Running so hard you think you’ll choke on your next breath. Lungs burning like they’re drenched in battery acid. Peripheral vision blurred by the same adrenaline that drowns out the cheers coming from the full stadium. And of course, the reporters. The men scribbling furiously on their notepads so they can publish every stumble, sprain, and sniffle.
This was the world of the female athletes in the 1928 Amsterdam Olympics, the first games in which women were allowed to compete in track and field on a trial basis. Nicknamed “The Peerless Four,” the Canadian track team included some of the strongest, most diversely talented women on the scene. Narrated by the team’s chaperone—a former runner herself—the women embark on their journey with the same golden goals as every other Olympian, male or female. But as the Olympic tension begins to rise with unexpected injuries and disqualifications, each woman discovers new fears and priorities, all while the weight of women’s future in the Olympics rests on their performance.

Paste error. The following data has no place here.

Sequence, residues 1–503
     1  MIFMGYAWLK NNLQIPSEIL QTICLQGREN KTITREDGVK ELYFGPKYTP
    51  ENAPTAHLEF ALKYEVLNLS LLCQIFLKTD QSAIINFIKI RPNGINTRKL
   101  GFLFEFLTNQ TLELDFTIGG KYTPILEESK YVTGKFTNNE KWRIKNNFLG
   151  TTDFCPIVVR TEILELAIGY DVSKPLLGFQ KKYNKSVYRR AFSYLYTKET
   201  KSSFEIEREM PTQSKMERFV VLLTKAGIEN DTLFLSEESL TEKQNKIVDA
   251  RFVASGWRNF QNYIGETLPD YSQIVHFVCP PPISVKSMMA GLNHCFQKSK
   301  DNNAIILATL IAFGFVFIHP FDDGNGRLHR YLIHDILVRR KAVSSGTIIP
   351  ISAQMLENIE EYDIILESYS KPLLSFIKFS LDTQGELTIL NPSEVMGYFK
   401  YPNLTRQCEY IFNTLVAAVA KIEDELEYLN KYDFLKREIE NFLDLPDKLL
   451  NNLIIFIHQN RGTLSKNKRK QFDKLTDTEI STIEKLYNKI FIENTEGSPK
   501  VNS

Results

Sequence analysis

The Peerless Four is more than a sports novel, more than a record of women’s rights. It’s a meditation on sacrifice, loyalty, perseverance, and the courage to live a true underdog tale.